Making Camera Power Supply from ATX PS

Discussion in 'Digital Photography' started by Nehmo Sergheyev, Jun 4, 2005.

  1. I have a HP M22 camera , and here are its power

    "Typical power usage: 1.35 Watts with Image Display on. 2.9 Watts
    maximum power usage.
    Power sources include the following:
    .. Either two non-rechargeable AA Lithium batteries (included) or two
    rechargeable AA NiMH batteries (purchased separately). Rechargeable
    batteries can be recharged either in the camera using the optional HP AC
    power adapter or optional HP Photosmart M-series dock, or separately in
    the optional HP Photosmart Quick Recharger.
    .. Optional HP AC power adapter (3.3 Vdc, 2500 mA, 8.25 W).
    .. Optional HP Photosmart M-series dock.
    Recharging in camera with the optional HP AC power adapter or optional
    HP Photosmart M-series dock: 100% in 15 hours."

    HP sells a $50 external power supply for the camera:
    HP Photosmart 3.3V AC adapter C8912B , which
    provides 3.3 Volts.

    A marking on the camera assigns the + polarity to the center connector
    of the jack, and it's a small jack.

    Q1: What do you call that kind of jack?

    Q2: Computer ATX power supplies have a 3.3 V line. I have some old
    unused power supplies (and I can buy them nearby for $5). Can I use an
    ATX power supply to power the camera?

    My understanding of an ATX is that normally one of the 5 V wires is
    always on but the rest of the lines are controlled by a soft switch fed
    to one of the wires.

    Q3: What do I do exactly to turn on the power supply? Do I ground pin
    14? ( pin out diagram scroll

    Q4: Will this camera, or camera's that require 3.3 V in general , work
    on the 3 V (setting of the) power supplies like Wal-Mart sells

    Q5: I see some universal adapters " Equipped
    with technology to calculate your camera's voltage " How does it
    determine the camera's voltage requirements?
    Nehmo Sergheyev, Jun 4, 2005
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  2. Nehmo Sergheyev

    philo Guest

    although in theory you could use the 3.3v connection of an atx
    supply...i don't think it would be worth trying to do so...
    as if you made a mistake you could damage your expensive camera...

    $50 for that adaptor is of course absurd...
    you could prob. find something at radio shack that would work...
    however...why not play it safe and simply remove the batteries from the
    camera and purchase a seperate charger.

    it would certainly be the cheapest and safest thing to do
    philo, Jun 4, 2005
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  3. Nehmo Sergheyev

    kony Guest

    They overprice it just a wee bit.

    "Tis the far more common arrangement but it's good that they
    marked it.

    Hard to tell from a picture but looks like a typical power
    brick barrel, coax plug. Main thing is knowing the external
    and internal dimensions in millimeters, and the tiny ones
    are harder to measure, and find.

    It'd be awefully bulky, but it's likely you can. However,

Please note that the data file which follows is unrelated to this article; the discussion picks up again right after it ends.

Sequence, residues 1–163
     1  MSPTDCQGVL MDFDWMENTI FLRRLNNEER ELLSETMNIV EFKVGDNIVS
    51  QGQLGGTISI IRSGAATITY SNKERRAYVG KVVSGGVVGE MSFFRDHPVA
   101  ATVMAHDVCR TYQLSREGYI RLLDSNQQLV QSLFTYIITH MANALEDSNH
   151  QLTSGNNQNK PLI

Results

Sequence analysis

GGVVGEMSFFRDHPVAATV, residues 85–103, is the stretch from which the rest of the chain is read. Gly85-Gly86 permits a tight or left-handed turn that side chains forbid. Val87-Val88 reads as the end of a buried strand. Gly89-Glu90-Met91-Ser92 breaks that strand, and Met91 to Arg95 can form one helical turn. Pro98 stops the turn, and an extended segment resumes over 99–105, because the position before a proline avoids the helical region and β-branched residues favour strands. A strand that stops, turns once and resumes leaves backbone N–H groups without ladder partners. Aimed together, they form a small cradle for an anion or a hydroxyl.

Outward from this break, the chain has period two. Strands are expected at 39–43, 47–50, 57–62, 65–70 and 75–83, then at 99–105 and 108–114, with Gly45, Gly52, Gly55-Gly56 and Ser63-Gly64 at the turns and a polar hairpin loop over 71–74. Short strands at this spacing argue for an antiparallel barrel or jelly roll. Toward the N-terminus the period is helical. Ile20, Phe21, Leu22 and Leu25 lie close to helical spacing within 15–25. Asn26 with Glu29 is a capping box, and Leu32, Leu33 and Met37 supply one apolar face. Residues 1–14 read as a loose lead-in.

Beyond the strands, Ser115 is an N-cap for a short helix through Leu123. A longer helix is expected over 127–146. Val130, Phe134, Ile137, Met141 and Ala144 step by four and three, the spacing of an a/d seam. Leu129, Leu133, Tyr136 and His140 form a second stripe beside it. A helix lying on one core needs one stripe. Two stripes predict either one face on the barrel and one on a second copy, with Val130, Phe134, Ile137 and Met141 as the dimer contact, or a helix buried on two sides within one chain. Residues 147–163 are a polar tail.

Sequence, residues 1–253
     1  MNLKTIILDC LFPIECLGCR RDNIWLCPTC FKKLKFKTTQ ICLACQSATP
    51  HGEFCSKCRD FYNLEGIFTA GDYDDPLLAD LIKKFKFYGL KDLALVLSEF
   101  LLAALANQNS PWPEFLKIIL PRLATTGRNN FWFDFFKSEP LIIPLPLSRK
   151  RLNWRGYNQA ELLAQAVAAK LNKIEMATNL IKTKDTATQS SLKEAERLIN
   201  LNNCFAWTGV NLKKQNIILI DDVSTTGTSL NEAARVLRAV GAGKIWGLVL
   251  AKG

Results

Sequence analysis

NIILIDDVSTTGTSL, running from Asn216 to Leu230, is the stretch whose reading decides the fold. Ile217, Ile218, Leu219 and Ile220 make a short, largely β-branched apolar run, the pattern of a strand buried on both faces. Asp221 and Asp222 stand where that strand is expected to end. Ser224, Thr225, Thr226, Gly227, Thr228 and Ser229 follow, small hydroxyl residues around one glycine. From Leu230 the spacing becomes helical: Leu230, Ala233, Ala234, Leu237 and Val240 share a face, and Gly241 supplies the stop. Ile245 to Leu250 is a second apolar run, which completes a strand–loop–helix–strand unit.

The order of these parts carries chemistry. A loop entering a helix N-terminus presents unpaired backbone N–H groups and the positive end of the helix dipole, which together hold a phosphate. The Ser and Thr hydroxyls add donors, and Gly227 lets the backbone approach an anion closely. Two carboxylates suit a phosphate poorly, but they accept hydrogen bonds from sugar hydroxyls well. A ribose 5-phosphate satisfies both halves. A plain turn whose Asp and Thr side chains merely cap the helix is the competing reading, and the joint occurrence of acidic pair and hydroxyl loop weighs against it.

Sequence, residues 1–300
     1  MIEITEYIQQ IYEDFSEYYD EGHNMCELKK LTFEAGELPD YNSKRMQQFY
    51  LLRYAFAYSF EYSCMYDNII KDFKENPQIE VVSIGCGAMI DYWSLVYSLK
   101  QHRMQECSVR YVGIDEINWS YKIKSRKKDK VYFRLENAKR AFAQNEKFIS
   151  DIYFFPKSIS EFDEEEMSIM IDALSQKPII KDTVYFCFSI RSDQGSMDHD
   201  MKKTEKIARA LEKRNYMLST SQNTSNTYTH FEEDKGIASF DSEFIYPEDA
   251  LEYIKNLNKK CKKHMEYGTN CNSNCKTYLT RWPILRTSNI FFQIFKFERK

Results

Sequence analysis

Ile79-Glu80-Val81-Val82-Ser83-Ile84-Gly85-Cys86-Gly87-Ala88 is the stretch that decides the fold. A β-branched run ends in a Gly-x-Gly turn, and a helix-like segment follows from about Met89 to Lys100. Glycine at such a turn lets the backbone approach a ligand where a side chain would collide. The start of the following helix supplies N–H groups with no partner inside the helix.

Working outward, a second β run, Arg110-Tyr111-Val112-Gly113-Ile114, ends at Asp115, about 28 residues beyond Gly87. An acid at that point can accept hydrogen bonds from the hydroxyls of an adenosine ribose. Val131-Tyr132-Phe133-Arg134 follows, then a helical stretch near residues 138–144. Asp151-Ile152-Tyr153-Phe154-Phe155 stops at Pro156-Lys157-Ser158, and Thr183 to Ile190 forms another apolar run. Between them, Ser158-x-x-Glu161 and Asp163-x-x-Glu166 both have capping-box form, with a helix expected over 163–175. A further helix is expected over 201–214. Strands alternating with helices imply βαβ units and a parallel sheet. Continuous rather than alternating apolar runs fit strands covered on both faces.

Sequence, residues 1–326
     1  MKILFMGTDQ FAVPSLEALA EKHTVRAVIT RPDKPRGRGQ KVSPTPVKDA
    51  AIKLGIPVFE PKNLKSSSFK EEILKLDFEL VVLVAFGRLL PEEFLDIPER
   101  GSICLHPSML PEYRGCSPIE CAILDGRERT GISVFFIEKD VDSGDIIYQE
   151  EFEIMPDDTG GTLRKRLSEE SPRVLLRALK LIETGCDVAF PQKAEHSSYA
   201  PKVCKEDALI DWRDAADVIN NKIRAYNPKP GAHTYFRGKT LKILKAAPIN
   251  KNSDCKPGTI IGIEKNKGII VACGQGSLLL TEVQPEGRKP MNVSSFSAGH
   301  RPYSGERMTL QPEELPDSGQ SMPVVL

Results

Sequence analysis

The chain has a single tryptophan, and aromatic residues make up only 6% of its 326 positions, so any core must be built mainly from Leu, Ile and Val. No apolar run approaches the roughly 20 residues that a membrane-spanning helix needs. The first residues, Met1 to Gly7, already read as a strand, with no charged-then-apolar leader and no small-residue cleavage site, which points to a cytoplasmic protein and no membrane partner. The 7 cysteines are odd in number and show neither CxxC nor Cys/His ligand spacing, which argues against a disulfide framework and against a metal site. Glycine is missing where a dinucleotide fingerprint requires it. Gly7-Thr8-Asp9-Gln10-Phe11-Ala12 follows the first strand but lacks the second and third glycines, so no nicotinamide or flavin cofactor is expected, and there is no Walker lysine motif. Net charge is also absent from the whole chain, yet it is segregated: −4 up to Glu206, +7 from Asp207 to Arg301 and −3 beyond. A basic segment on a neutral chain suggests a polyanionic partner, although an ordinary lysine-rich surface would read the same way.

you should put a certain minimum load on the 5V rail to
    stabilize the output. A 2 Ohm 10W power resistor should be
    sufficient, connected between the 5V rail and ground- either
    on one of the leads or inside the PSU if you feel competent
    inside a power supply to figure that out- if not I'm not
    going to tell you how to do it, but it isn't hard, just
    fiddly taking the thing apart to do it.

    Yes 5VSB is always on, as is the PS-On line. You can ignore
    the 5VSB and simply short the PS-On to a ground. If you
    were opening up the power supply anyway to add the resistor,
    I'd suggest drilling a hole in the casing and installing a
    switch to short the two wires, turn it on/off.

    yes, it's pin 14, usually a green wire.
    I don't know.
    The camera may have polarity protection, meaning you may
    easily need slightly more than 3.0V to get a pair of
    batteries charged fully.

    The other issue is the current capacity of the supply, the
    one you linked doesn't appear to have that listed.

    Since the HP supply is spec'd as 2.5 amps, that would be the
    general target... the camera might still work on less, maybe
    1.5A, but then there's the issue of what the supply does if
    it drops below any particular threshold voltage. I'd not
    risk a camera with a less than 2A supply, myself.
    I don't know but I'd go ahead and get one spec'd for 3.3V
    instead. Here's one, but you'd need come up with your own
    plug for it,

    Maybe this'd be helpful,
    but getting good measurements from the jack first would be

    Seems like I used to have an old electric shaver and a
    microcassette recorder that both used similarly small
    connectors, if you have such spare junk lying around it
    might provide a part or aid in measurements.
    kony, Jun 4, 2005
  4. Nehmo Sergheyev

    CWatters Guest

    CWatters, Jun 4, 2005
  5. Just buy a regulated universal adaptor at Radio Shack or whatever your
    local crapy electronics store is. It will cost about $30 and will work
    with a lot more than your camera.

    Switching power supplies can get twitchy outside of a their normal load
    range. I wouldn't connect one to my camera without doing some stability
    tests first.
    Kevin McMurtrie, Jun 5, 2005
  6. Nehmo Sergheyev

    Shep© Guest